I'm perplexed by Mathematica's behavior in numerically solving for a maximum, in the attached notebook.
In the attached, I randomly generate some data, which only takes a minute or less, and have created some functions to run regressions. These regressions are on dependent variables that are limited; consequently, Regress and NonlinearFit do not apply.
Each regression is solved by maximizing the log-likelihood function of the data. For the first, the dependent variable is binary, but for the second, it can take on one of three values, 0, 1, or 2.
In both cases, NMaximize fails to find a solution.
FindMaximum does find a solution. Additionally, taking the first derivatives and setting equal to 0, then solving this system using FindRoot also works. I've verified the accuracy by checking the same data in another program (Eviews) and obtaining the same coefficient estimates.
The problem is that whereas Eviews solves these equations in a second or two, Mathematica takes several minutes, as many as 20 or more using the fastest algorithm.
Noticing this disparity, I tried using Newton, QuasiNewton, Gradient, and ConjugateGradient; each time, Newton is by far the fastest.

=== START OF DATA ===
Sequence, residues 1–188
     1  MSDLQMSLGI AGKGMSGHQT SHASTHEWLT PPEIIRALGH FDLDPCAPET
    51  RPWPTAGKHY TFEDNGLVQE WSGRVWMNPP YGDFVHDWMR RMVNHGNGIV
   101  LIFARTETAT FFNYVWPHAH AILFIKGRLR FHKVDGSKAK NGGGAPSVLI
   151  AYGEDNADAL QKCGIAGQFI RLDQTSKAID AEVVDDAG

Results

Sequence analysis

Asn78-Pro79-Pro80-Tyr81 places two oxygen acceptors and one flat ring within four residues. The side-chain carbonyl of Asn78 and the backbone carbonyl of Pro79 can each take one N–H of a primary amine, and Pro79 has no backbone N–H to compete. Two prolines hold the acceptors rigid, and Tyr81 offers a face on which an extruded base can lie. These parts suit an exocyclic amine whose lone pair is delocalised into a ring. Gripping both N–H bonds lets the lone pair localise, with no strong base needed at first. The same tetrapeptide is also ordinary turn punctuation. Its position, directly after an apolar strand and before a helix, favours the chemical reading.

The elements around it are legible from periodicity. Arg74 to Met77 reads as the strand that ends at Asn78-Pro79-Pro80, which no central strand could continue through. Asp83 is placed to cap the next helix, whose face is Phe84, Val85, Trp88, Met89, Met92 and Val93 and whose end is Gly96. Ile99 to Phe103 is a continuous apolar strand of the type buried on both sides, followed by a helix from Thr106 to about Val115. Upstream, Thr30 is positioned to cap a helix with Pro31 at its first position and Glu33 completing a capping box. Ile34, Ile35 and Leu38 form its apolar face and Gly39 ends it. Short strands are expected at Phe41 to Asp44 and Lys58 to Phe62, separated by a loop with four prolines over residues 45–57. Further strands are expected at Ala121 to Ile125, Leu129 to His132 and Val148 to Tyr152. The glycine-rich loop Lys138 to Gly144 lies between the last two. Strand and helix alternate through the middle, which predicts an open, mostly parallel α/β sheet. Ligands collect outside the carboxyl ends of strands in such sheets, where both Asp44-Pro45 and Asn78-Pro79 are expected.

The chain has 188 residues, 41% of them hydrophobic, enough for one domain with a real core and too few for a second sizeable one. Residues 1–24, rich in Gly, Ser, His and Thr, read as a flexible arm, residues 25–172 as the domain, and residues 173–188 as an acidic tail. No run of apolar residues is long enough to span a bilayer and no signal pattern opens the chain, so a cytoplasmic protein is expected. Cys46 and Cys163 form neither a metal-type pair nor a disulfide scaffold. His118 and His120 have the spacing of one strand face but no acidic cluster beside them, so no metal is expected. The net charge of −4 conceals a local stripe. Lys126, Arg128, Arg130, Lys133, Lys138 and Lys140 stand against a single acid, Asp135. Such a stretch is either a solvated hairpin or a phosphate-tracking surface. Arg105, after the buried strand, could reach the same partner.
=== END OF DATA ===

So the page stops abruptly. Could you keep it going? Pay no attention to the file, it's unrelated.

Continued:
Interestingly, when I reduced the WorkingPrecision->10, Mathematica solved the binary equation in about 10 seconds, which is a time that I can live with.
However, when trying the same technique on the other equation, where the dependent variable can be either 0 or 1 or 2, the speed does not improve. It still takes more than 22 minutes, and reducing the WorkingPrecision->3 produces an error after about 18 minutes.
The difference in timings cannot possibly be due to different machines. As I intend to run an experiment that will involve 20 or so runs of 1000 replications, each involving two of these estimations with the binary and two with the ordered variables -- which is why I cannot use Eviews -- it is imperative that I get the computation time down below a minute or so. The prospect of having the computer run 40000 FindMaximum commands at 20 minutes per command, well, 13000 hours is a bit long.
That, and the mystery that Mathematica, which is far more powerful than Eviews, seems much weaker. And the mystery that one technique works in one situation, but in a different situation, there is really no improvement.
The attached notebook provides the commands. The Preliminaries section processes in under 10 seconds, the Do Loop section in under two seconds. The remaining two sections show the different methods tried and you can observe the different times for each algorithm and command.
I'm including the data generation process just in case there is something amiss in there that is causing this extreme slowness, though I suspect not since Eviews would encounter the same problem.
Any assistance is greatly appreciated in saving thousands of hours!!!
Attachment: Prob-OrdProb.nb, URL: firstname.lastname@example.org,